Brazilian democracy is in the fight of its life, but it’s worth ending with a positive. A wave of women-led, anti-Bolsonaro resistance has formed, and similarities with the popular opposition to Trump in the U.S. are clear. Brum again:

In August, Ludimilla Teixeira, a black anarchist born in one of the poorest communities of Salvador, Bahia, created a Facebook page: Women United Against Bolsonaro. The page, which accepts only female followers, now has almost 4 million of them. A movement grew out of this group… [on September 30] spurring hundreds of thousands of women – and men – on to the streets of Brazil and around the world. Many carried banners with the slogan and hashtag: #EleNão – #NotHim. It was the biggest demonstration organised by women in Brazil’s history.

The election’s second round will take place on October 28.

Why the Russia Story is Significant

Since Donald Trump became president of the United States, you’ve probably noticed the media attention devoted to his possible (is it confirmed now? I’ve lost track!) collusion with Russia during the campaign, and Russia’s efforts to swing public opinion in his favor ahead of the election. Chances are you also know that Trump strongly dislikes it. In large part, this antipathy probably stems from a sense that the focus on Russian interference tarnishes his (electoral college) victory. But there are other implications, such as that Trump is in some sense a puppet of Putin. Critics of Trump have told the story in various ways, emphasizing different elements to make several distinct points. Trump himself has tried to bat away the story by calling it “fake news,” but as the Mueller investigation continues, it won’t go away.

While most left-wing critics of Trump have been among the most vocal in sounding the alarm on Russian influence, some on the left have criticized the media’s focus on this topic. An internal debate among writers for The Nation, a left-wing magazine, has taken place about their coverage of the Russia story. I’ve heard the case that focus on the Trump-Russia connection, and the broader story about Russia’s use of propaganda to influence global public opinion, is a distraction from Trump’s devastating policies. The American media undoubtedly prefers an exciting story about Russian influence to dry articles about policy, but the Russia story is much more than a distraction. Left commentators who entirely dismiss this multifaceted story are either missing or willfully ignorant of some of its most important aspects.

I’ll start with one of the most often mentioned points: Trump’s affinity for Vladimir Putin says a lot about the kind of leader he is. Praise for authoritarian leaders elsewhere means that Trump will continue to stretch the limits of what an American president can say and do. And of course if there are tangible ties between Trump and the Russian state, that’s deeply concerning. Less discussed are the effects of Russia’s propaganda.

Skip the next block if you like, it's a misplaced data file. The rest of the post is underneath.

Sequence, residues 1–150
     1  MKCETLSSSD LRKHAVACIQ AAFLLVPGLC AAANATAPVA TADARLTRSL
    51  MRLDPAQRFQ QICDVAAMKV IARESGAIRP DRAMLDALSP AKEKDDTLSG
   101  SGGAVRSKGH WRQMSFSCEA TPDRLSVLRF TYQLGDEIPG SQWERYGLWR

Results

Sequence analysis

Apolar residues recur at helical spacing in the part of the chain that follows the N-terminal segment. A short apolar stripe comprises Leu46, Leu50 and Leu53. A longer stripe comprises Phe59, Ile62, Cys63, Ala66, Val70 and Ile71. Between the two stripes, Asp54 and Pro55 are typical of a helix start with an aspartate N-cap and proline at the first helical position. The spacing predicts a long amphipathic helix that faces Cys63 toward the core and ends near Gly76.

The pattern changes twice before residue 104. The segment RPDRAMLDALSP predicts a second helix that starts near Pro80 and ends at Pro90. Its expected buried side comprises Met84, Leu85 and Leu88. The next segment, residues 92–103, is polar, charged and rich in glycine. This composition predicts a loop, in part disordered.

Russia-supported propaganda bolsters the racist right. A Politico Magazine story about a dashboard monitoring Russia-backed Twitter accounts notes that “[f]or three consecutive days in August, the most retweeted Russia Today stories recorded by the dashboard involved scaremongering videos appearing to show refugees swarming into Spain, as well as a story alleging that the German government is suppressing news of refugee crimes.” The alt-right’s authoritarian ideology meshes well with Putin’s attack on the usefulness and efficacy of democracy. Russian state media has also offered support for racist movements throughout Europe, such as the French National Front.

Crucially, Russia’s misinformation supports its geopolitical agenda. Russian government news outlets and Russia-promoted content attempts to mold opinion on international issues, especially Syria and Ukraine, in line with its interests. According to the Politico Magazine piece,

One of the most prevalent themes pushed by RIOT [Russian Influence Operations on Twitter] is the promotion of conspiracy theories that muddy the waters regarding any wrongdoing by Russia or its allies, particularly the Syrian regime. This material is significantly promoted over social media, with occasional help from the attributed outlets. Examples over the past year include conspiracy theories seeking to discredit Bana al-Abed, a young girl in Syria who tweeted about the civil war with assistance from her mother, and reports of chemical attacks by the Syria regime

Some writers on the left have participated in this conspiracy commentary. It is unclear whether there is a connection between a group of left-wing pro-Assad bloggers and Russian state media, but there clearly is a symbiosis. Russian state media and commentators from other platforms are spreading lies in real time, with the practical effect of discouraging international action to protect civilians under attack by the Syrian and Russian governments. The consequence of a post-truth, “alternative facts” politics is that the global public is cross-pressured between reading calls for solidarity from survivors of war crimes and seeing propaganda outlets deny that the crimes ever happened.  Muhammad Idrees Ahmad writes about denialism and “moral atrophy” here.

In the U.S., the biggest counter to propaganda is political education and news literacy. If Russia wishes to discredit democracy, the U.S. needs to respond by deepening democracy and making it more participatory and inclusive. And the left needs to develop an internationalism that emphasizes solidarity with people, not states, to flip Sam Hamad’s summary of Jeremy Corbyn’s stance.

The Russia story, and Russian propaganda, should be taken seriously. While Trump-Russia ties are being investigated, we should recommit to seeking the truth and educate each other on how to ignore propaganda.